• The enemy continues to conduct defensive actions in the Zaporizhzhia and Kherson He shelled the settlements of Novosilka, Novopil of the Donetsk region; Gulyaipole, Biloghirya, Mala Tokmachka, Novodanilivka and Novoandriivka of the Zaporizhzhia region; Antonivka and the city of Kherson.

Support the Armed Forces! United we will win! Glory to Ukraine!


Above:  Volunteers and contractors repair residential housing in the Kharkiv region.  The effort is, in part, carried out by the Recovery Army, a program initiated by the GoU to put unemployed people back to work to rebuild communities.  The project employs local residents who are out of work as well as IDPs to work on, for example, construction, security and humanitarian services. (Kharkiv Comments)

  • Russian forces continued ground attacks along the Kupyansk-Svatove-Kreminna line on March 28. Russian forces conducted unsuccessful offensive operations near Krokhmalne (20km northwest of Svatove), Kuzmyne (3km southwest of Kreminna), Bilohorivka (10km south of Kreminna), Verkhnokamyanske (18km south of Kreminna), and Berestove (30km south of Kreminna).
  • Ukrainian Eastern Group reported on March 28 that there were 13 combat clashes along this line in the last day and that, while Russia has concentrated some of its best troops in this area, they are suffering widespread shortages of armored vehicles.
  • Geolocated footage posted on March 28 indicates that Ukrainian forces have made a limited advance in a forest area near Dibrova, about 6km west of Kreminna.
  • The Russian occupation administration is refusing to demobilize students in Luhansk. Russia has drafted 654 students of whom 300 are currently fighting in Ukraine.
  • Novaya Gazeta Europe described the enemy’s summer 2022 volunteer recruitment campaign, estimating up to 15,000 volunteers deployed to Ukraine over summer 2022.  The Russian MoD apparently did not keep official track of volunteer formations. Regional officials stopped releasing information about deceased volunteers and silenced families by threatening to remove social benefits relating to the deaths of their relatives.
  • The local hospital in Bilovodsk, Luhansk, has been converted into a military hospital with 200 beds. Civilians have been told to seek help elsewhere.


Above:  New York Times

  • Russian forces continued offensive operations in and around Bakhmut on March 28 and have made advances within the city. Geolocated footage published on March 28 suggests that Russian forces likely advanced in southern Bakhmut and up to the Bakhmut City Market in Central Bakhmut. Wagner Group forces have likely taken the AZOM industrial complex in northern Bakhmut and continue to make gains within the city.
  • The tempo of Russian offensive operations in and around Bakhmut has decreased over the past three days and that this may indicate that Russian forces are regrouping. Russia may be diverting resources away from Bakhmut to intensify offensives on Avdiivka and/ or may recommit personnel and resources to offensive operations on Bakhmut after regrouping.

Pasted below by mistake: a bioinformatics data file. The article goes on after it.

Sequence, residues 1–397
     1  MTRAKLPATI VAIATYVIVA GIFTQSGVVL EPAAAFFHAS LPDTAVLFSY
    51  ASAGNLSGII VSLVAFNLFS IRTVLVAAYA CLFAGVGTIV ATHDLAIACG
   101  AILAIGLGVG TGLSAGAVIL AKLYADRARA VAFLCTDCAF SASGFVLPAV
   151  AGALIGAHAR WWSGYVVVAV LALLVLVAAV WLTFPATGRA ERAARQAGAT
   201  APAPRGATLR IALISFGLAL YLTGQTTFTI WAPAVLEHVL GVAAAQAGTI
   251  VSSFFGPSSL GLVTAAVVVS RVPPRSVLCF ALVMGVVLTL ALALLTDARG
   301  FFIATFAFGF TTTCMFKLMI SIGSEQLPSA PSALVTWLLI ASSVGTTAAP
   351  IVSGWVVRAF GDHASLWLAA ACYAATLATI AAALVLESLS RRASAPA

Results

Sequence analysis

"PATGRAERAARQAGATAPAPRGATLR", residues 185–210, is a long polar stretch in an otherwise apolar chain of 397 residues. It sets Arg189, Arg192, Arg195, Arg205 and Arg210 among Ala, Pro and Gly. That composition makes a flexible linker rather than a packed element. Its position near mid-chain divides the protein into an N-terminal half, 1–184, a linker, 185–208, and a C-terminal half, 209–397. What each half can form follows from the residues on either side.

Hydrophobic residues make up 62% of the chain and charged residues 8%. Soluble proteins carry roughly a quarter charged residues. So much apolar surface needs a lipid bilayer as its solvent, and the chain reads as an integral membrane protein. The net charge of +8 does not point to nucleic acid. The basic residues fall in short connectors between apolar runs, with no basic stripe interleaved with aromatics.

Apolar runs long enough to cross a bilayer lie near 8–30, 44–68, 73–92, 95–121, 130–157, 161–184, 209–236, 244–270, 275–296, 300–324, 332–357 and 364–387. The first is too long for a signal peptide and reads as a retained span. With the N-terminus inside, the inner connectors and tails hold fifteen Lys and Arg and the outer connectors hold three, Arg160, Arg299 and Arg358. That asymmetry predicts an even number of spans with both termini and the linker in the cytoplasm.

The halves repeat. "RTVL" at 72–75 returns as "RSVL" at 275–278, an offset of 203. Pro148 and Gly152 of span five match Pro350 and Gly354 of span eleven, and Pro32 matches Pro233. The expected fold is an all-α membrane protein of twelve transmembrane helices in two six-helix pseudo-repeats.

• Russian forces continued offensive operations along the Avdiivka–Donetsk City frontline on March 28. Russian forces conducted unsuccessful offensive operations near Avdiivka itself, Stepove (7km northwest of Avdiivka), and within 27km southwest of Avdiivka near Sieverne, Pervomaiske, Nevelske, and Marinka.
  • The Donetsk People’s Republic lauded plans to create a ferry line between Mariupol, Donetsk, and occupied Crimea and Sochi.
  • For refusing to perform a combat mission, about 70 people from the units of the Nevsky and Veterans volunteer formations were disarmed and taken to Makiivka, Donetsk. A similar incident occurred when the personnel of the enemy’s reconnaissance company operating in the Avdiivka direction refused to carry out orders.


Above:  After liberation, Kherson became the most shelled city outside of Donbas. On February 1, the city council reported that the enemy had struck Kherson 1,739 times. Currently, the left bank of Kherson Oblast lives under enemy control, without constant internet access and with inflated prices for products. Focus talked with residents of the Kherson region, who told about life under regular shelling and under enemy occupation.

Video:  On March 28, five McDonalds restaurants reopened in Odesa. On a cold and blustery day, traffic jams developed around take out windows at several locations. 

  • “Something is happening on the opposite bank of the reservoir,” wrote the head of Nikopol district administration in a Telegram post on March 28. Intercepted communications shows that the occupiers are preparing something for the  arrival of an International Atomic Energy Agency team. The administration warned residents about the possibility of Russian false flag operations and shelling during the IAEA mission visit to the Zaporizhzhia Nuclear Power Plant later this week.
  • The Zaporizhzhya occupation administration announced a plan to rapidly develop infrastructure in Zaporizhia Oblast to accommodate an influx of Russian teachers, civil servants, doctors, and law enforcement personnel. The alleged importation of Russias to staff administrative and law enforcement roles suggests that occupying officials are struggling to fill these positions with willing and loyal local collaborators and are trying to repopulate occupied territory with Russias as part of a wider campaign to destroy Ukrainian culture.
  • Russian forces reportedly decreased the intensity of shelling in Kherson Oblast. Russian forces have not shelled the Dnipro-Bug Estuary from the Kinburn Spit over the past three days due to poor weather conditions. Ukrainian strikes on enemy ammunition warehouses and artillery systems are undermining Russian logistics and forcing them to reduce activities on the east bank of the Dnipro River.
  • Kherson occupation authorities plan to open a railway between occupied Kherson Oblast and occupied Crimea before the start of the summer tourist season. In addition, they claim that funds have already been allocated for a four-lane road along the Sea of Azov that will connect Dzhankoy, occupied Crimea, to Rostov Oblast through Berdyansk.
  • Kherson occupation authorities warned locals on March 28 that anyone who refuses to accept rubles or attempts to sabotage ruble use in occupied Kherson Oblast will face criminal prosecution. The punitive approach to coercing ruble use indicates that occupation officials have largely failed to incentivize the rubleization process.